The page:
Primary effusion lymphoma (PEL) is a rare and aggressive B-cell non-Hodgkin's lymphoma that usually presents with malignant effusions without tumor masses. An extracavitary or solid variant of PEL has also been described. Human herpes virus 8/Kaposi sarcoma-associated herpes virus (HHV-8/KSHV) is universally associated with the pathogenesis of PEL. More than 70% of cases occur with concurrent Epstein-Barr virus infection, but its relation to the pathogenesis is unknown. Patients are found in the context of immunosuppressive states (HIV-1 infection, post-organ transplantation). PEL is usually treated with CHOP (cyclophosphamide, doxorubicin, vincristine, and prednisone)-like chemotherapy with antiretroviral therapy if HIV-1 is positive. However, it is generally resistant to chemotherapy with a short median survival of less than 6 months. The optimal treatment for PEL has not been established yet. More intensive chemotherapy, such as dose-adjusted EPOCH (DA-EPOCH; etoposide, prednisone, vincristine, cyclophosphamide and doxorubicin) and CDE (cyclophosphamide, doxorubicin, etoposide) are expected to show a favorable prognosis. Recently, the molecular steps in KSHV/HHV-8-driven oncogenesis have begun to be revealed, and molecular targeting therapies such as proteasome, NF-κB, cytokines and surface antigens would provide evidence for their clinical use.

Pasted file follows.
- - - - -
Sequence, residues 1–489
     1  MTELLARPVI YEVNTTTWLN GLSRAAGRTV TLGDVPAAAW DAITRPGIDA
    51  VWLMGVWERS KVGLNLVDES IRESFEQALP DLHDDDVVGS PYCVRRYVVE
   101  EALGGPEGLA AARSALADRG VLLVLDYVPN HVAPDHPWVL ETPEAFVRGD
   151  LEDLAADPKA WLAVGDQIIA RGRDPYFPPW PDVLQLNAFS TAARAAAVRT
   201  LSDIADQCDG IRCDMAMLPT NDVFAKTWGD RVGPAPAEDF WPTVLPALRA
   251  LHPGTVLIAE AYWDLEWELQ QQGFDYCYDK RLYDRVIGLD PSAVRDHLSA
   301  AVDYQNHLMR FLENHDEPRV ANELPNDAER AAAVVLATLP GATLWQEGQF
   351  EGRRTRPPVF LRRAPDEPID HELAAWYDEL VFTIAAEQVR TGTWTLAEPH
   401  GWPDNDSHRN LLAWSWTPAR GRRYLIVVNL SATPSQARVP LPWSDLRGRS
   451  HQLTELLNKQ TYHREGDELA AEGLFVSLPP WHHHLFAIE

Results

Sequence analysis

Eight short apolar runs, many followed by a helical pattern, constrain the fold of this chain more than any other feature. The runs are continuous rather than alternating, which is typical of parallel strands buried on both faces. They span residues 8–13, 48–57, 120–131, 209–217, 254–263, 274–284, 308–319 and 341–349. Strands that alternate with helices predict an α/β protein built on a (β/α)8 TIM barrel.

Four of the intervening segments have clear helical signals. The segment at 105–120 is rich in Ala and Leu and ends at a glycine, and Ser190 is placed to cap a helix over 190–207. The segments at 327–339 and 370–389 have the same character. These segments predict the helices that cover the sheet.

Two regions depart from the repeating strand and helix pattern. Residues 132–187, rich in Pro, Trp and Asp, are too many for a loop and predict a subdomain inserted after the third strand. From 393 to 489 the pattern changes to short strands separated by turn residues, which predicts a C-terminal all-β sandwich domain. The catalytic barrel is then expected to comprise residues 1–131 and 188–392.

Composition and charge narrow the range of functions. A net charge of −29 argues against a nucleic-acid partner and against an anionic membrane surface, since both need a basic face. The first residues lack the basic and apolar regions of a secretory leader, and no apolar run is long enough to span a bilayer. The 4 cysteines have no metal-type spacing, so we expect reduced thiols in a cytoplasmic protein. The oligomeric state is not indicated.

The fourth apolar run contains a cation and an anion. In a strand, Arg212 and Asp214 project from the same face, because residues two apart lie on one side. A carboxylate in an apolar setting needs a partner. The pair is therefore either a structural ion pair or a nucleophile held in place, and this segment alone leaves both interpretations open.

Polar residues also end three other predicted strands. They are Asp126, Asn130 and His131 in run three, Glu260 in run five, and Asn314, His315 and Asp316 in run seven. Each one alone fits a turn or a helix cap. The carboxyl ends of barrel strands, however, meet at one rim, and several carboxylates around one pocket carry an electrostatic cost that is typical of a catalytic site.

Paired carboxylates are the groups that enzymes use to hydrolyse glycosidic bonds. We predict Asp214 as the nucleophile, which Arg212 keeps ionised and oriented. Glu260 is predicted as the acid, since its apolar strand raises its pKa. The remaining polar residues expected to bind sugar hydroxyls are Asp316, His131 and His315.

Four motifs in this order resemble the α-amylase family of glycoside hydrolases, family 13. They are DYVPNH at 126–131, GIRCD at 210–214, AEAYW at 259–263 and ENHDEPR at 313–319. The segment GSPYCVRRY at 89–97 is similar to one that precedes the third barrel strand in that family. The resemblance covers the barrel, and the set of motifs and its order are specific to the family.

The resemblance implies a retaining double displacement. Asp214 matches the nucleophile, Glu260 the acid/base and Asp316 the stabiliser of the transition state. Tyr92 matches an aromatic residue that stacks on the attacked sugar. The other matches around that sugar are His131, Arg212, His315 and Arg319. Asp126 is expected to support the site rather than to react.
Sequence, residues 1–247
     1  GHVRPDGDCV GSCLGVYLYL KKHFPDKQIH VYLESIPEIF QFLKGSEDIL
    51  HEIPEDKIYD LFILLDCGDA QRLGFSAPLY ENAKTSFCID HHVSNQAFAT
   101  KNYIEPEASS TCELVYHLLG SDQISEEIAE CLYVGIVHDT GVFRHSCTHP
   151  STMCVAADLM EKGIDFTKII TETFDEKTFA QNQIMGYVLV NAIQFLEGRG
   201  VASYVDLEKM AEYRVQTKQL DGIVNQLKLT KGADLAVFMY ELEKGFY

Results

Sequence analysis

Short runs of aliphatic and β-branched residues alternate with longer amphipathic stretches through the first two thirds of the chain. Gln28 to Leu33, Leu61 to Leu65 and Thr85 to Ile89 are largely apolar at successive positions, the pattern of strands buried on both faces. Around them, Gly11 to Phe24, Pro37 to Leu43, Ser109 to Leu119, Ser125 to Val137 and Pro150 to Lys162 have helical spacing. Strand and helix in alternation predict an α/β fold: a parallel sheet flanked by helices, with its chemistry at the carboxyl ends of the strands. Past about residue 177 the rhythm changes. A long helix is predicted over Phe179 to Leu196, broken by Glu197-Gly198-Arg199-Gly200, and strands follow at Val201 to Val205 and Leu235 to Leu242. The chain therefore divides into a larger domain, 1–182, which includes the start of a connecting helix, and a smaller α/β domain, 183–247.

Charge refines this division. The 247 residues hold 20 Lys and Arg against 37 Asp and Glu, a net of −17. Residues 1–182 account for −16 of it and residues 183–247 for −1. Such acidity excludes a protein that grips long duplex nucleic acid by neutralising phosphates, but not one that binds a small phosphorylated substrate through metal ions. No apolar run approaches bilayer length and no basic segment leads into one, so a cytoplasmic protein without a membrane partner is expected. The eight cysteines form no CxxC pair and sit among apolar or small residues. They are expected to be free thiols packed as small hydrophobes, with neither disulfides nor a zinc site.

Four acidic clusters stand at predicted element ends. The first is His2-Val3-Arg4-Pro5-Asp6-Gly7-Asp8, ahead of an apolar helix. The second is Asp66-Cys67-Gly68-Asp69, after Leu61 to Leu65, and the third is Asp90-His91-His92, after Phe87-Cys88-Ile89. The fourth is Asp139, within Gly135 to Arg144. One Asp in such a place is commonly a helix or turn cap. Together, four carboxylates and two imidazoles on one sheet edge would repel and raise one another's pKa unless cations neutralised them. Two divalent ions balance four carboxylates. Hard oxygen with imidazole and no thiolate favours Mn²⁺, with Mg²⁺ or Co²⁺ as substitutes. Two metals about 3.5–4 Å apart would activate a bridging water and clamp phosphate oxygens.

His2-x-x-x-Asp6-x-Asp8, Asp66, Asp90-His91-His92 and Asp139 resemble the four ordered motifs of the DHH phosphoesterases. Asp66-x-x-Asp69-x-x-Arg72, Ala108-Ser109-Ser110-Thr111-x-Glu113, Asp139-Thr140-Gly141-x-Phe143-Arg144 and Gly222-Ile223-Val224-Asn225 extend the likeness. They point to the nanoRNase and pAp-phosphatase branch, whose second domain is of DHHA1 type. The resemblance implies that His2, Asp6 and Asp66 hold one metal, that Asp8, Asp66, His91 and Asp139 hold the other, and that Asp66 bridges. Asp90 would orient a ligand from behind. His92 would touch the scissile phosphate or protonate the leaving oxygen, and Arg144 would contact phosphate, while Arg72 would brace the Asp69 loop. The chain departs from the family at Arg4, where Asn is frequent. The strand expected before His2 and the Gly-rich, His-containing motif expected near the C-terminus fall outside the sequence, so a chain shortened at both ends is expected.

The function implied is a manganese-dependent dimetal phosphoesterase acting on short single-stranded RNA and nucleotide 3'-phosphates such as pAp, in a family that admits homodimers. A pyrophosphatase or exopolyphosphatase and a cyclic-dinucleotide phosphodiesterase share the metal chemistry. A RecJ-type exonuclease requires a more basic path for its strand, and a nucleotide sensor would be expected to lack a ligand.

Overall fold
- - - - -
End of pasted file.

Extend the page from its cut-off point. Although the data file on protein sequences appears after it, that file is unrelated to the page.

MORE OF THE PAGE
Pseudoxanthoma elasticum (PXE) is a type of rare hereditary disease that affects connective tissue. PXE is found around the world, and its epidemiology in China is still unclear. A database search revealed that 86 patients in total were reported in China from 1985 to 2013. The vast majority of these reports concern single, sporadic cases. This review summarizes the clinical characteristics of PXE and its treatment in China. The hope is to provide a reliable basis for studies on the incidence of PXE and for formulation of relevant policies in the future.